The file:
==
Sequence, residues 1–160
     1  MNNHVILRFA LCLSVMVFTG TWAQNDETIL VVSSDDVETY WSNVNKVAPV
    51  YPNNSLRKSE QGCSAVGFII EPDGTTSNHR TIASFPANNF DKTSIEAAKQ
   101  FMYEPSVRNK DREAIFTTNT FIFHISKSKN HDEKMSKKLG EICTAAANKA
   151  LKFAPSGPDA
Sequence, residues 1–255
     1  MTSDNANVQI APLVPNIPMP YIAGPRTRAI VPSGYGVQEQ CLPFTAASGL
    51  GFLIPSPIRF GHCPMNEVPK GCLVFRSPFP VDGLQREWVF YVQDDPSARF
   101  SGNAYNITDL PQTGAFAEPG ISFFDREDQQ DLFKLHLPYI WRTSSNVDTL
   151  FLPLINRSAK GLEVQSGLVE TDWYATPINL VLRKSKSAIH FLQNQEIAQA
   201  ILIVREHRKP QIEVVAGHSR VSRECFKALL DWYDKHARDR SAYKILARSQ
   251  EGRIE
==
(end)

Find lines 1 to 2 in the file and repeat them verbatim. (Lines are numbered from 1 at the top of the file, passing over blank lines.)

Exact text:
Sequence, residues 1–160
     1  MNNHVILRFA LCLSVMVFTG TWAQNDETIL VVSSDDVETY WSNVNKVAPV